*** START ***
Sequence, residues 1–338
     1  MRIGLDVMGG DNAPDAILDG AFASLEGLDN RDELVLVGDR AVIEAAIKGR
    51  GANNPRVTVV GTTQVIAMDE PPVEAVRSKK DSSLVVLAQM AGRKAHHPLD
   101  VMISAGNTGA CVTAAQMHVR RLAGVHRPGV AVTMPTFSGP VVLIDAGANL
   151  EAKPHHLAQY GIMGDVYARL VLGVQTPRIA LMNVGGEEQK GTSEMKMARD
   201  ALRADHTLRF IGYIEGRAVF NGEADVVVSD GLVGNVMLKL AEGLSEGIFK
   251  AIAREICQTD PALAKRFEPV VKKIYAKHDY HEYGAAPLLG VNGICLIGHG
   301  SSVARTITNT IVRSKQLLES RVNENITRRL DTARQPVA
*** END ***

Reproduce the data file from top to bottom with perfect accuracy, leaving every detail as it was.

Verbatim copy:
Sequence, residues 1–338
     1  MRIGLDVMGG DNAPDAILDG AFASLEGLDN RDELVLVGDR AVIEAAIKGR
    51  GANNPRVTVV GTTQVIAMDE PPVEAVRSKK DSSLVVLAQM AGRKAHHPLD
   101  VMISAGNTGA CVTAAQMHVR RLAGVHRPGV AVTMPTFSGP VVLIDAGANL
   151  EAKPHHLAQY GIMGDVYARL VLGVQTPRIA LMNVGGEEQK GTSEMKMARD
   201  ALRADHTLRF IGYIEGRAVF NGEADVVVSD GLVGNVMLKL AEGLSEGIFK
   251  AIAREICQTD PALAKRFEPV VKKIYAKHDY HEYGAAPLLG VNGICLIGHG
   301  SSVARTITNT IVRSKQLLES RVNENITRRL DTARQPVA